A Military Bridge Over the Chickahominy

While for Southern slaves the Civil War represented an escape from bondage, for northern free blacks, the war was an opportunity to assert their full equality with whites while joining in a valorous undertaking.  Although initially blacks were excluded from the organization of the Union military, in time black companies were formed, and blacks from northern states became eligible to enlist as soldiers in the Union cause. Continue reading

The Arrival of a Slave Family After the Proclamation

Union sketch artist A. R. Waud went to considerable pains to work up this engraving of a family arriving at a contraband camp soon after President Lincoln signed the Emancipation Proclamation on New Year’s Day in 1863.  As I related in my previous posts, thousands of slaves had already sought refuge in the so-called contraband camps, beginning in June 1861, when the war was just a few months old.  Yet the arrival of this family in camp marked a significant difference in the ongoing migration of Southern slaves to freedom. Continue reading

Stampede of Slaves from Hampton to Fort Monroe

Southern slaves emancipated by the movement of the Union troops fled into a war zone laced with hazards and potential catastrophes. Suddenly freed from their owners, many ran off without a chance to think, forsaking what shelter and sustenance they had had. They ran from places that were familiar, taking nothing, since for the most part, slaves were legally prohibited from owning property. They had their clothes on their backs. They ran from former masters toward the safety, the more certain freedom, that they understood Continue reading

Freedmen Leaving the Plough

During the Civil War, the movement of Union troops through the slave states brought emancipation to the enslaved.  This drawing by Union sketch artist A. R. Waud captures one such moment, as field slaves on horseback jubilantly greet advancing Union troops and leave  the plough they are hauling, knowing they are free.

Waud accompanied the Union army during virtually the whole of the Civil War, capturing the truths of the war with his drawing as no other medium could.  Thanks to his efforts and those of other documentarians, later Americans can catch glimpses of a wildly tumultuous period in black history, when millions who had endured the tragedy of bondage enjoyed self-possession for the first time.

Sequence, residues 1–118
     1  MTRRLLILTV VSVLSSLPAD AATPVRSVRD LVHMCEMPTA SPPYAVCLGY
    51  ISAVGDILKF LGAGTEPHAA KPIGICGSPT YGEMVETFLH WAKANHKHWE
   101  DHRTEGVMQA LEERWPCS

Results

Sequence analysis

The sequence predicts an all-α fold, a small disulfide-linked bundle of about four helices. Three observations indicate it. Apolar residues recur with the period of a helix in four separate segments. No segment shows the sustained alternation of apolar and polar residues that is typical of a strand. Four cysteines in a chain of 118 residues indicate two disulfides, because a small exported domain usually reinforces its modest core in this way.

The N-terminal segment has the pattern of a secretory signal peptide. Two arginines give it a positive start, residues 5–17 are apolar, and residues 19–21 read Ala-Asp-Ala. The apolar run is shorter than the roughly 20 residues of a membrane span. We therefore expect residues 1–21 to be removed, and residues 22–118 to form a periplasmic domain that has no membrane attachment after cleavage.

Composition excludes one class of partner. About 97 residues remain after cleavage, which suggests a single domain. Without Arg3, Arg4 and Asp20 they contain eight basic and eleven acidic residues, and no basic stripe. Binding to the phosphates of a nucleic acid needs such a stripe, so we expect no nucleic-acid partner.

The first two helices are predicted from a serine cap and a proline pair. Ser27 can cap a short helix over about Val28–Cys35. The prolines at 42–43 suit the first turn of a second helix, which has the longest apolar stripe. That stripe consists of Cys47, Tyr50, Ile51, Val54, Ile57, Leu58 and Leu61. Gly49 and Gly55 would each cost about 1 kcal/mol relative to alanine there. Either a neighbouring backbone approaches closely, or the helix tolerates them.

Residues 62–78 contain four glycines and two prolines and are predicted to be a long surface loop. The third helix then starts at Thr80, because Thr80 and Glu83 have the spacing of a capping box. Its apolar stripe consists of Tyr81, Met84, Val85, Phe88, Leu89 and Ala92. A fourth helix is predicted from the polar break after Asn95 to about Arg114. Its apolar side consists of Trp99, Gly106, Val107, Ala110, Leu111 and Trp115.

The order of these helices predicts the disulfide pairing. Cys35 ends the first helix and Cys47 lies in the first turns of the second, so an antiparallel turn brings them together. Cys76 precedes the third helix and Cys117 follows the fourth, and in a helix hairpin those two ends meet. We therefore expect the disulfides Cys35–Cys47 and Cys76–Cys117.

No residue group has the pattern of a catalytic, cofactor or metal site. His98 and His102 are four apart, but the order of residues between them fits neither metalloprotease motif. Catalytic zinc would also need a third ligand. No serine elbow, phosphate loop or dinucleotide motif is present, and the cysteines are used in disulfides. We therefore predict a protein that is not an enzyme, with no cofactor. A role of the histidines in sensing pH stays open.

Image: Waud’s “Negroes Leaving The Plough,”
published with descriptive text in
Harper’s Weekly, March 26, 1864,
from this source.

1870: Black Voting Rights Secured–Right?

On this day in 1870, the 15th Amendment to the US Constitution was ratified.  Its text is brief.

The right of citizens of the United States to vote shall not be denied or abridged by the United States or by any State on account of race, color, or previous condition of servitude.

The Congress shall have the power to enforce this article by appropriate legislation.

The passage of the Amendment was a staggeringly large step toward race equality in America.  Yet even before three-quarters of the states ratified it, racists began to deter blacks from exercising their new political power: the power of the ballot.  The campaign against them, consisting of intimidation, violence, and legal obstacles, was particularly brazen in the former slave states.  Shockingly, it would be another 100 years before the promise of the 15th Amendment became something like a reality.  With the new assault on voting rights we see today, the fragility of this Constitutional guarantee is obvious.

Image: from this source.